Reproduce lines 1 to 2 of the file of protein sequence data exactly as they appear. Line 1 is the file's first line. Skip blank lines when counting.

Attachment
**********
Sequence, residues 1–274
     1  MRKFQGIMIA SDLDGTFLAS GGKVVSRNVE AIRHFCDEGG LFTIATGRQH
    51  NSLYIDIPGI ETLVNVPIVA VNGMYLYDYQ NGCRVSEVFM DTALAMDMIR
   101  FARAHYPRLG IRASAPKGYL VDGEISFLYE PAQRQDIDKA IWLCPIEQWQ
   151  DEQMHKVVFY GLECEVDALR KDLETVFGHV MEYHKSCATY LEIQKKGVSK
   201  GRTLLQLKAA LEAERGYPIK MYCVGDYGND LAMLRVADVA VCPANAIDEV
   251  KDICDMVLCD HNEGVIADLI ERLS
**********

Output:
Sequence, residues 1–274
     1  MRKFQGIMIA SDLDGTFLAS GGKVVSRNVE AIRHFCDEGG LFTIATGRQH